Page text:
It reminded me of a paper I wrote during my Masters of Defence Studies on how much the effectiveness of modern armed forces relied on the threat of courts martial and other forms of discipline. The simplistic view is that sailors soldiers and airmen put themselves in harm's way out of fear of being punished if they hesitate. An infantryman charges a machine gun nest because his officers told him to do it. I didn't think that this could be the thinking in modern armed forces. But I couldn't think of an alternative explanation.
My research directed me to a senior Air Force officer who had studied this question and presented a simple answer. Members of the armed forces behaving contrary to normal instincts of self-preservation was the result of thousands of hours of drills and other training. Soldiers' instincts had been re-programmed so that they reacted in a predictable way to coming under fire, and they knew that everyone else in their section was doing the same in a practised drill. They had become unconsciously competent.
Much like the air traffic controllers, this rote response actually freed their minds up to consider more creative options to deal with the threat. Soldiers charge machine gun nests because it's what they've been trained to do. It's their Widget. Not to detract from the significantly higher risk to them of this behaviour compared to that faced by the average office worker. This is why those whose actions are recognised with medals usually shrug awkwardly when asked about their bravery. They were doing their job. They knew that their fellow soldiers' ability to do their jobs depended on it.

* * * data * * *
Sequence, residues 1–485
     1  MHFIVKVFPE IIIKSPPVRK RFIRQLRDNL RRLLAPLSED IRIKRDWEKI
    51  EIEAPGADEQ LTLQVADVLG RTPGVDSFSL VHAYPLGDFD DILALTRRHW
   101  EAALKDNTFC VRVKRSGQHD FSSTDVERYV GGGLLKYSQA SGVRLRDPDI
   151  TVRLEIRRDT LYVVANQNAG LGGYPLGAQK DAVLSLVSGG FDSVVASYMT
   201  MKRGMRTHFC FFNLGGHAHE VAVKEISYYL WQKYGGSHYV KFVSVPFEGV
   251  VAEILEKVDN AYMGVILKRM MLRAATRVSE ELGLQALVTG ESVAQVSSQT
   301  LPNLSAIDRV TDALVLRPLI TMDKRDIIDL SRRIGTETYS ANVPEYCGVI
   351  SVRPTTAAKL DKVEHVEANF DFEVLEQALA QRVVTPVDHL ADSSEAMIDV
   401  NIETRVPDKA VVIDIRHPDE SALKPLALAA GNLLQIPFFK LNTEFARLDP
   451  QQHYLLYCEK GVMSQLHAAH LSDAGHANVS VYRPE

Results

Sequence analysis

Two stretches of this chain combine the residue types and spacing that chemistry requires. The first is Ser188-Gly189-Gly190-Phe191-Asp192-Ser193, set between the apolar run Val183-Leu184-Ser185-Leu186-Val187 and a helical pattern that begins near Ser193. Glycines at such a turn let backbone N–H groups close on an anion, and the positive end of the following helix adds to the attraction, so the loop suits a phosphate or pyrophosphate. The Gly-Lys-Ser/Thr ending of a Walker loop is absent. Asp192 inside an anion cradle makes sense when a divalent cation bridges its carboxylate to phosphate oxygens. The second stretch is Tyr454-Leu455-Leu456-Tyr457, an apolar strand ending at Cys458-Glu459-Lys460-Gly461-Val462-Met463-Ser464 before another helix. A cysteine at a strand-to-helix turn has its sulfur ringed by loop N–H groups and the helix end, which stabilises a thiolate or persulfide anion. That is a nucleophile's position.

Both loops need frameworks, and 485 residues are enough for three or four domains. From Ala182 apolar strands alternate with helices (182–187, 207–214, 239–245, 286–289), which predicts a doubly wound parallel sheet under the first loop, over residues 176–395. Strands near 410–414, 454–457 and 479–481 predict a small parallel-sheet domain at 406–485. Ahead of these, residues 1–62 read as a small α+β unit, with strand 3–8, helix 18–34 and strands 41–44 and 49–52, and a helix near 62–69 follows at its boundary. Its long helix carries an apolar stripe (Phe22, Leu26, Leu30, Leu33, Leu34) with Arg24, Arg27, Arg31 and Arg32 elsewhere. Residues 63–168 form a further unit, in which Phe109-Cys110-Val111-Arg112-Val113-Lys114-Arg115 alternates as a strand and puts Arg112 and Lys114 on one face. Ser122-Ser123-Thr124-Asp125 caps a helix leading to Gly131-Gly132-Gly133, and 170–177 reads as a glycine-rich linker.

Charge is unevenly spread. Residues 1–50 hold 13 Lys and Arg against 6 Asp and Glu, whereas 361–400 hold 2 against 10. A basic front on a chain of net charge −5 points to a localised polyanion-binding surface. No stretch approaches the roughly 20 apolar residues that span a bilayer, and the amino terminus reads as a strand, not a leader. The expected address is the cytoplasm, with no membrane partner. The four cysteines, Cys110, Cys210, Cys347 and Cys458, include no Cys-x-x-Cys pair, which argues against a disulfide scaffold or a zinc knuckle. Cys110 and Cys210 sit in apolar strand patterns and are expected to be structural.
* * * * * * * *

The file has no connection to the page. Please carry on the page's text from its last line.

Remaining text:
The justification for the structures in football is much the same. As the writer of the article concludes:
'I think the key that ultimately opens the door for most footballers is that this process is not the football bogyman at all. In fact, if adhered to, these structures will let you return to the battle cry that made you a good player to begin with: ''JUST LET ME PLAY!''
In simple terms, all of these set plays and crosses on the whiteboard are just a place to start. With the right amount of teaching and practice, getting to these spots just becomes part of the routine, part of the rhythm of a game.
For the best players, it gives them a freedom, too. A starting point. To be in the spot your team needs you to be in can give a player a sense of inner confidence.'
Good policies, procedures, routines and Widgets in a workplace do the same. Combined with a good boss, far from constraining us, they free us to just play.